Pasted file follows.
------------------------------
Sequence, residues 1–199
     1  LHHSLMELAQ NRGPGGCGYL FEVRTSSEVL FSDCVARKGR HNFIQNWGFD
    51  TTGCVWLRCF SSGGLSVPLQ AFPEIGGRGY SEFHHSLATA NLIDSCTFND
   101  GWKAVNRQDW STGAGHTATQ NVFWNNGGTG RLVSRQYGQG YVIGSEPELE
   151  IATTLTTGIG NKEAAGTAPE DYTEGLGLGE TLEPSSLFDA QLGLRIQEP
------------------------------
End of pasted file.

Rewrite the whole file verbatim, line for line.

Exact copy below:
Sequence, residues 1–199
     1  LHHSLMELAQ NRGPGGCGYL FEVRTSSEVL FSDCVARKGR HNFIQNWGFD
    51  TTGCVWLRCF SSGGLSVPLQ AFPEIGGRGY SEFHHSLATA NLIDSCTFND
   101  GWKAVNRQDW STGAGHTATQ NVFWNNGGTG RLVSRQYGQG YVIGSEPELE
   151  IATTLTTGIG NKEAAGTAPE DYTEGLGLGE TLEPSSLFDA QLGLRIQEP